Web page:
Landmarks and places of interest
- Guayanés Beach
- Hacienda Santa Lucía Ruins
- La Casa de la Cultura (House of Culture)
- Roig Refinery
- La Lucia Beach
- El Cocal Beach
- Dead Dog Beach
- Petroleum Refinery
Yabucoa is known for its agricultural prowess because of the surrounding fertile valley that produces most of the island's plantain and bananas. Yabucoeños are known as the "sugar people" because most of the valley was used for sugar cane growth and because one of the most visible landmarks, seen when entering the municipality, is the old Hacienda Roig sugar mill, one of the last mills that produced sugar in Puerto Rico (for recent photos (sept 11,2011).
Festivals and events
- Sugar Cane Festival - May
- Beach Festival - May
- Carmen Festival - July
- Quebradillas Festival - September
- Patron Celebrations - October
- Festival del Campesino - October
- Martorell Jíbaro Festival - December
Like all municipalities in Puerto Rico, Yabucoa is administered by a mayor. The current mayor is Rafael Surillo, from the Popular Democratic Party (PPD). Surillo was elected at the 2012 general election.
The city belongs to the Puerto Rico Senatorial district VII, which is represented by two Senators. In 2012, Jorge Suárez and José Luis Dalmau were elected as District Senators. A native of Yabucoa Ramón Luis Cruz-Burgos was elected to represent the city in those elections.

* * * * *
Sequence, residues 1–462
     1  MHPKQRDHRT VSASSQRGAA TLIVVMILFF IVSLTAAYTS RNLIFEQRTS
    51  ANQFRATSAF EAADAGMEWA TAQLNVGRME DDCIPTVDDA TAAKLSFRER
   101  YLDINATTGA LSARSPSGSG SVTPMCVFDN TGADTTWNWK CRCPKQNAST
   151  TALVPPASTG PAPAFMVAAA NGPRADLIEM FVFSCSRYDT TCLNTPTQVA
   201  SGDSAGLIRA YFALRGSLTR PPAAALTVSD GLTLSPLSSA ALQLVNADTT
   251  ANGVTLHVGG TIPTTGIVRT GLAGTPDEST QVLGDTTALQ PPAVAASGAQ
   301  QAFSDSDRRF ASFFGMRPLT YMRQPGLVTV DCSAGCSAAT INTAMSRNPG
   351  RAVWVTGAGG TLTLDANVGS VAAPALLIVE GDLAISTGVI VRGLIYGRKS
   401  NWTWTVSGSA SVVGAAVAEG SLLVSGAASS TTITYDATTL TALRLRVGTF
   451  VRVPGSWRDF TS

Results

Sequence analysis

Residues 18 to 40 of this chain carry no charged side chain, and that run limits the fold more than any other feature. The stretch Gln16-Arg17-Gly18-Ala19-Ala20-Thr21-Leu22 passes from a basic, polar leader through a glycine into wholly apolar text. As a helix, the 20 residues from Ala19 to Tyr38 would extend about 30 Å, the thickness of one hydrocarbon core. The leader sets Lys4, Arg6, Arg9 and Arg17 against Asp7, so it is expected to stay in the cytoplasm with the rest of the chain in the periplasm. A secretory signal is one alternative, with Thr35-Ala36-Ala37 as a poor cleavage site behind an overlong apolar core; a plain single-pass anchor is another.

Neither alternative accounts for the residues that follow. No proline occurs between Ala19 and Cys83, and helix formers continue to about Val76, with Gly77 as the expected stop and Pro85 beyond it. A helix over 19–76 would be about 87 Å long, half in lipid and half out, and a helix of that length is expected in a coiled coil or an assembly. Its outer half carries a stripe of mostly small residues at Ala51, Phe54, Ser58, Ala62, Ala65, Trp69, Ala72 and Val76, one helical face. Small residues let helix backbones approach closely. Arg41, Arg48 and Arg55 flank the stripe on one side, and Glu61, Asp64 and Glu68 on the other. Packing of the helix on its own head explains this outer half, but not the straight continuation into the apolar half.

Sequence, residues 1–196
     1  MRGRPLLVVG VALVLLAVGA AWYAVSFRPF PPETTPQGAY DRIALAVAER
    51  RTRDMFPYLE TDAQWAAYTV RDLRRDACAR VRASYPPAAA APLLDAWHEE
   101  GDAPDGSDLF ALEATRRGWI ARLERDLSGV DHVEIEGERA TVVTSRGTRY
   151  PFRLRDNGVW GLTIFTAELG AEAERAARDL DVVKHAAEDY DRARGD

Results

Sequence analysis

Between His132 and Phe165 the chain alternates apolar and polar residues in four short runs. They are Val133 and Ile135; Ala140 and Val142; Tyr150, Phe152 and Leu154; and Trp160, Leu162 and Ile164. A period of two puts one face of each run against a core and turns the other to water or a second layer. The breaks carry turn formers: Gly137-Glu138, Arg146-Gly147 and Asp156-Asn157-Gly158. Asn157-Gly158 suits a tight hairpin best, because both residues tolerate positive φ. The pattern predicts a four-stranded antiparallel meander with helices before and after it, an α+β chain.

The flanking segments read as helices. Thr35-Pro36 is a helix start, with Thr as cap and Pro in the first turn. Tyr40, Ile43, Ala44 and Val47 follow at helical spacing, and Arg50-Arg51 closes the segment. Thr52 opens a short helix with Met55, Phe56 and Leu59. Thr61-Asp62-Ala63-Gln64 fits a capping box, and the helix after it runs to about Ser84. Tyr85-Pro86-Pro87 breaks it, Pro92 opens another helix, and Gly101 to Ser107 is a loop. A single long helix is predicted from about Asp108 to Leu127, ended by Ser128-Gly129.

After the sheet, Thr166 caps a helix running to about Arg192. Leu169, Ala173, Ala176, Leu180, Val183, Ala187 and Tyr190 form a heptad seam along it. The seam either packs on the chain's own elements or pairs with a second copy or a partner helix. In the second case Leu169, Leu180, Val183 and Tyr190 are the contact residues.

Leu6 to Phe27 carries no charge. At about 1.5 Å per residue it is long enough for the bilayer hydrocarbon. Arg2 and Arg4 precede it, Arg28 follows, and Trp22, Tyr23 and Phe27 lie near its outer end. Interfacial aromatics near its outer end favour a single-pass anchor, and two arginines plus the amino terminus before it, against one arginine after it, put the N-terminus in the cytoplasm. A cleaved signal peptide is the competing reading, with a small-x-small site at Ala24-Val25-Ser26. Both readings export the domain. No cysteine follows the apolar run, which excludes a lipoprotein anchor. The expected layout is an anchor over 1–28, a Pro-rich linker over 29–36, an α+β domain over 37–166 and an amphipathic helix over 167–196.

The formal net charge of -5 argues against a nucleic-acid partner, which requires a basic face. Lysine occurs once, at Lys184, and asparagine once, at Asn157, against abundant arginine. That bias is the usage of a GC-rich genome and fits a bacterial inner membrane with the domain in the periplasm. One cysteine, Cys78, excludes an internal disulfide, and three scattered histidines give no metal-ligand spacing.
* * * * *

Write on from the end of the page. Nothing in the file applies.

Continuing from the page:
The design of the flag of Yabucoa is abstract, inspired by the colors of the municipal shield; green, white and violet.
Coat of arms
In the shield appear two angels the Santos Angeles Custodios, patron saints of Yabucoa. The color purple (violet) field of the shield represents the highest dignity of the angels. The walking sticks are attributes of the traveller, and refer to the holy office of the Angels as guides and companions in man's journey in his earthly life. The canes are adorned with guajana flowers, representing the wealth of the sugar cane. The green land where the angels stand symbolizes the fertile valley in which Yabucoa is located.
Notable natives and residents
- Nydia Velasquez - United States congresswoman
- Christian Pagán - Winner of Idol Puerto Rico
- Jonathan Rivera - Game Producer at Visual Concepts
- Santiago Vidarte (1828-1848) - Poet
- Antonio Ayuso Valdivieso (1899-1969) - Politician, lawyer, educator
- Jose Facundo Cintrón - Advocated in 1872 and 1873 for the end of slavery.
Notes and references
- Demographics/Ethnic U.S 2000 census
- "Gobierno Tribal del Pueblo Jatibonicu Taíno de Puerto Rico". Retrieved February 3, 2013.
- "Municipios: Yabucoa". Enciclopedia de Puerto Rico. Retrieved May 7, 2013.
- "Shell completes purchase of Sunoco Puerto Rico refinery". chem europe. Retrieved 1 January 2012.
- Remains of Central Roig Sugar Mill in Yabucoa)
- Elecciones Generales 2012: Escrutinio General on CEEPUR
- "Yabucoa... La Ciudad del Azúcar". Proyecto Salón Hogar. Retrieved May 9, 2013.
- Morales, Sandra (February 2, 2008). "Se acorta la distancia en el sureste". El Nuevo Día.
- Del Valle, Sara and David Toucet. "Un túnel, dos pueblos". El Nuevo Día. Retrieved May 9, 2013.